As lawyers, we are always getting ourselves up-to-date with the most recent contested wills and trusts cases in Singapore and around the world. As such, when lawyers draft wills, we draft it in the most litigation-proof way possible.
We don’t want to be sued. We don’t want to be witnesses on the witness stand. We think of every single possibility that could go wrong. We question anything suspicious when it comes to getting instructions from the testator (the person making the will). We have legal ethics and the court have given us many guidelines that we have to follow.
It is precisely because of the above that some lawyers don’t want to do wills for clients. These days, there is a lot of confusion in the market on the pricing of wills. You see banks offering free wills templates. You see people offering $99 wills.
Too many people come to lawyers demanding to know why lawyers are ‘so expensive’. We are quite tired of having to constantly justify our prices and existence, so the path of least resistance is to not do the wills work. There is just too much liability, for too little appreciation and a lack of understanding.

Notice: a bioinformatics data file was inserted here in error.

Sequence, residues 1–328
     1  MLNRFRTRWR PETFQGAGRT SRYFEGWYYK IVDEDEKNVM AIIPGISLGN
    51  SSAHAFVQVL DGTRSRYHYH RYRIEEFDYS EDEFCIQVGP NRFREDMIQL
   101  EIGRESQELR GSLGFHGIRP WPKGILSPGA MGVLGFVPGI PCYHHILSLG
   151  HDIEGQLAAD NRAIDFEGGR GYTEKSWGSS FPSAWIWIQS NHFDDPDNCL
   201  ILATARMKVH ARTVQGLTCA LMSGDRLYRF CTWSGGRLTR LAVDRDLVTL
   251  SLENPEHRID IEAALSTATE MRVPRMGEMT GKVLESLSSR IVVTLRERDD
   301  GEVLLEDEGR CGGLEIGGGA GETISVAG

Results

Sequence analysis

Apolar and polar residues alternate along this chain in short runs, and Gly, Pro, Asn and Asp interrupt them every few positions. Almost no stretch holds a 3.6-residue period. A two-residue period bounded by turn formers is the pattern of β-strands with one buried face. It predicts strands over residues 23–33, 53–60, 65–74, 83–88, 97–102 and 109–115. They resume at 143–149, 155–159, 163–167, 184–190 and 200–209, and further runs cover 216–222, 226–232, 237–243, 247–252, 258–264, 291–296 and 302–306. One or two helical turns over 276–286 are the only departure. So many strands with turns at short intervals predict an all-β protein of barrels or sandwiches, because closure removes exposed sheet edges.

For clarity, those wills templates that are sold for under a $100, it is framed as a suggested template. You are responsible if anything goes wrong.
The Guiding Hand
That said, the reason why I still do wills work is because I know the importance of properly guiding a person through the process of thinking about how he/she wishes to plan their legacies.
When a person comes into my office, I will be questioning what the person wants and see whether it is legal. For example, the person says he wants to will his share of the apartment to his child. Then I will ask in what manner does he hold the apartment. Is it joint tenancy or tenancy-in-common?
If he says joint tenancy, then I will tell him he can’t will the apartment to his child because the other person in the joint tenancy will take over the whole apartment when he passes away because of the rule of survivorship.